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College of Medicine Alumni Magazine - Winter 2022 There and Back Again: Mary Simmonds, MD, MCP ’75, of New Cumberland, Pennsylvania

When Mary Simmonds, MD, MCP ’75, headed to Philadelphia to study medicine, her eye was on broader horizons. Looking back on a career in hematology and medical oncology that includes more than one historical moment, one could say it has been a story of boundaries explored. In a way, though, those roads have all brought her back to one community: her hometown. As Dr. Simmonds puts it, “It’s great how you can be in one place — in this case, in New Cumberland, Pennsylvania — and travel the world.”

Mary Simmonds, MD, MCP ’75

Mary Simmonds, MD, MCP ’75 Source: Bevore Contemporary Portraits

Setting Out

Medicine runs generations back in the Simmonds family. Mary’s great-grandparents were pharmacists and founded the Simmonds Pharmacy in Shamokin, Pennsylvania, the same town where her grandfather would practice medicine as a general practitioner. Her father, Henry T. Simmonds Jr., was a radiologist; he and his wife, Harriet Lynn, who was a medical technologist, settled in the Harrisburg area.

Simmonds vividly recalls the precise moment when she knew she would go into medicine. When she was around the age of 12, a school assignment asked her to choose someone to interview about their job, and she chose her father. As she observed him that day, she came to admire his intricate knowledge of medicine. She was impressed that he had “the privilege of that information.” By the time Simmonds went off to Smith College, from which she would graduate in 1971, she knew medicine was the path for her. “At that time, nationwide, the percentage of women in medical school was 10% — which I’ve often pointed out was better than 2%. I have personally known women physicians who are older than me and were one of very few women in their medical school class. I really take my hat off to those women. They started paving the way, and I suppose I have continued to pave the way.”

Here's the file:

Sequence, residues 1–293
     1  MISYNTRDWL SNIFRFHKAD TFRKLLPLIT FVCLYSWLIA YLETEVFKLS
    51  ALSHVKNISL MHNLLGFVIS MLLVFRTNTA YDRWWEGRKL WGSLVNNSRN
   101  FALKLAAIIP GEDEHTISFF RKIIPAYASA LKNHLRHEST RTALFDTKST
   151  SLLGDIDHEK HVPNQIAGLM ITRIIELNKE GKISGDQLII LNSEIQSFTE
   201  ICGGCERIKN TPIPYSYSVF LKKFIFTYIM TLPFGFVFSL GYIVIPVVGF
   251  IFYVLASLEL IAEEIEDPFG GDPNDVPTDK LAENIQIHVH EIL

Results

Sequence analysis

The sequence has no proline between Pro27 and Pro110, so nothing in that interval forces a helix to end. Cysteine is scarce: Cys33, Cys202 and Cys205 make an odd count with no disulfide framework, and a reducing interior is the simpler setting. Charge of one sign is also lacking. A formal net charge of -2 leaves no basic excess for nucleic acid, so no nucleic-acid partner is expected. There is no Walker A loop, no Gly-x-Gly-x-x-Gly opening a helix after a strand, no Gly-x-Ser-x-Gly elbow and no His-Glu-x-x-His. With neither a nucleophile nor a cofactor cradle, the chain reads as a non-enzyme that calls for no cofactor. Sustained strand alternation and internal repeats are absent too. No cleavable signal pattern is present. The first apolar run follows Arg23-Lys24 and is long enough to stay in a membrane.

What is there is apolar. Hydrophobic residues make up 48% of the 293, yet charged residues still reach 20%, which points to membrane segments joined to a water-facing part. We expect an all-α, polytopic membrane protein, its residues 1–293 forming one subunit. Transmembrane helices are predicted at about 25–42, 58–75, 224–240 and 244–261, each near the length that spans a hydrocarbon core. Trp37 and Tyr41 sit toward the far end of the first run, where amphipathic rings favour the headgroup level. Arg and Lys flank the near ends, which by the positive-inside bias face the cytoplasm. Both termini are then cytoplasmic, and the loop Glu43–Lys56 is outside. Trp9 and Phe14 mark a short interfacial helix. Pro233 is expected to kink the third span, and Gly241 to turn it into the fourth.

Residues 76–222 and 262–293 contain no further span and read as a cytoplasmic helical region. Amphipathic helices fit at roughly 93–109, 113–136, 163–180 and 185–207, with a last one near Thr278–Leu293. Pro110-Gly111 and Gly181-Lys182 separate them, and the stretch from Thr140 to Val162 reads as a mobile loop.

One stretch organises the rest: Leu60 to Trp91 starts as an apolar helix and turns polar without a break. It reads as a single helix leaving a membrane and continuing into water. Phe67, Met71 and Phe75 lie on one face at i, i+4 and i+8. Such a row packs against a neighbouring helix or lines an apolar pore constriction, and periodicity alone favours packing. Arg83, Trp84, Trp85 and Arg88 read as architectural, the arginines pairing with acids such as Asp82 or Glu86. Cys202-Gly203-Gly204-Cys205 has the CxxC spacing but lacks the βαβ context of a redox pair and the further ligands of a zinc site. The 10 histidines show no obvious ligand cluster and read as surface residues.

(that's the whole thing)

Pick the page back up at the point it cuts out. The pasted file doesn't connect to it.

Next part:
In the fall of 1971, Simmonds entered Medical College of Pennsylvania, which had the uncommon trait of being majority women, having just become coed and changed its name from Woman’s Medical College. “I was so excited!” Simmonds says. “That was the key to the rest of my life, to just have a place in medical school. I remember that I didn’t sleep a wink for three nights, just going over and over my notes.”

Following Footsteps and Paving the Way

After graduating from MCP in 1975, Simmonds did her residency in internal medicine at the Geisinger Medical Center in Danville, Pennsylvania. “It was not uncommon for me to be the only woman in the group on rounds,” she recalls.

In addition to the exposure to medicine through her parents, she had been introduced at a young age to Herbert S. Bowman, MD, who was raised in Harrisburg. After his training in hematology he had returned to the area and “was not only a clinician, but also a teacher, a clinical researcher and a wonderful role model,” according to Simmonds. Shadowing Bowman was part of what helped her discover that hematology might be the path for her. After completing her residency in 1978, she went back to Philadelphia for a two-year fellowship in hematology at Thomas Jefferson University, where Bowman had also trained.

Three generations of the Simmonds family in front of the Simmonds Pharmacy in Shamokin, Pennsylvania.

Three generations of the Simmonds family in front of the Simmonds Pharmacy in Shamokin, Pennsylvania. Mary’s great-grandfather stands out front, and her father sits in her grandfather’s lap in the car. Photo courtesy of Mary Simmonds, MD.

Serving the Community